On day 5 of #exxpeditioncaribbean2016, we were greeted by Suzanne and Greg at Sustainable Barbados’ Recycling Center to be guided on a tour of their facilities.
The SBRC is a private company mandated by the government of Barbados to manage four categories of recyclables:
- Organic materials – coconut shells, shipping pallets, untreated wood products, leaves, etc.
Construction – treated wood, concrete, cement, etc.
Paper and cardboard
Plastic is mostly handled by another private company, that isn’t government contracted. These materials, once sorted, are then shipped off to other countries who recycle them.
The government has mandated the company to redirect 70% of the waste sent to landfill towards recycling. The Center’s landfill has a predicted life of 6 years, but by achieving this goal, they hope to extend it to 9 years.
For all their efforts, the SBRC is facing some important challenges that they are currently trying to surmount.One of these challenges is the dip of the oil price, which instigated a loss of value for materials like metal on the export market.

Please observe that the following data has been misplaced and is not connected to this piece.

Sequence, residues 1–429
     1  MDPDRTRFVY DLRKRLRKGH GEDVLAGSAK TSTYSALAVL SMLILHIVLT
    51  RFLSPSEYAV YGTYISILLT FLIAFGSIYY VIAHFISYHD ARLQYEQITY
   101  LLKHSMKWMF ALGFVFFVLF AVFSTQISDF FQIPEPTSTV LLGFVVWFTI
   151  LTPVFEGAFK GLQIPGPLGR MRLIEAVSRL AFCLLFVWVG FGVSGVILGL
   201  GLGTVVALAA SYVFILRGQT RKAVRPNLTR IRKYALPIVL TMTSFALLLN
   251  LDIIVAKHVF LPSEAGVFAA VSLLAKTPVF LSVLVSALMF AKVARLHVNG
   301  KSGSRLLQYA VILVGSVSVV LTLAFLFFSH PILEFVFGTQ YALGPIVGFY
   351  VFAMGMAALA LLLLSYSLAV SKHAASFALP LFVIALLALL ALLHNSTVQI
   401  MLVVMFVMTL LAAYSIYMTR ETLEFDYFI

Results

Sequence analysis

What’s more, the government has recently imposed a tipping fee on every delivery of materials to the Center, as a way of funding the facility’s activities. On every delivery, a 25$ BBD fee is imposed per tonne. Although the intention is honorable, the measure has created an undesirable effect on the Center’s intake of materials. The tonnage dropped from 1,000 to 350. So the big question is: where did all that rubbish go?
As if that wasn’t enough, the SBRC experienced a fire a year ago that, they think, was initiated by spontaneous combustion in their wooden organic materials section. The Center hasn’t fully investigated the matter, which means they don’t yet have a good idea of the source of the incident and that it could happen again.
Finally, the Center has been receiving an increasing number of materials that they have no way to transform or dispose of. People are dropping them off at SBRC simply because they have no idea as to where else they can dispose of these materials. Unfortunately, this occupies space and creates loads of additional work for the Center that it isn’t funded or equipped to do. Among these material, we find: electronics, household appliances, tires and mattresses.
eXXpedition hopes to stay in contact with the Center and find ways to partner with it in order to help find solutions to the mounting challenges it is facing.